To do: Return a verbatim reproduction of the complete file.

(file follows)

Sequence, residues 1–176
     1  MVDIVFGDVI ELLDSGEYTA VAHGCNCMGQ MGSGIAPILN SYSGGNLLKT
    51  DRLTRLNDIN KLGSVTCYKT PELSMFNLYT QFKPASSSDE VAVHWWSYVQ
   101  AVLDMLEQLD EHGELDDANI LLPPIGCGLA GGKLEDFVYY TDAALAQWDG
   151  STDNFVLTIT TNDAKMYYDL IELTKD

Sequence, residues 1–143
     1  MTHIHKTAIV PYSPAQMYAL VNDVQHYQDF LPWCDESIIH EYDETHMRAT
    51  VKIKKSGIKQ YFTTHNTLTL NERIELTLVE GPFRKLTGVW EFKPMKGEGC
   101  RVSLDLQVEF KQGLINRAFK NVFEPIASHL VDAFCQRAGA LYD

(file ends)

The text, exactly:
Sequence, residues 1–176
     1  MVDIVFGDVI ELLDSGEYTA VAHGCNCMGQ MGSGIAPILN SYSGGNLLKT
    51  DRLTRLNDIN KLGSVTCYKT PELSMFNLYT QFKPASSSDE VAVHWWSYVQ
   101  AVLDMLEQLD EHGELDDANI LLPPIGCGLA GGKLEDFVYY TDAALAQWDG
   151  STDNFVLTIT TNDAKMYYDL IELTKD

Sequence, residues 1–143
     1  MTHIHKTAIV PYSPAQMYAL VNDVQHYQDF LPWCDESIIH EYDETHMRAT
    51  VKIKKSGIKQ YFTTHNTLTL NERIELTLVE GPFRKLTGVW EFKPMKGEGC
   101  RVSLDLQVEF KQGLINRAFK NVFEPIASHL VDAFCQRAGA LYD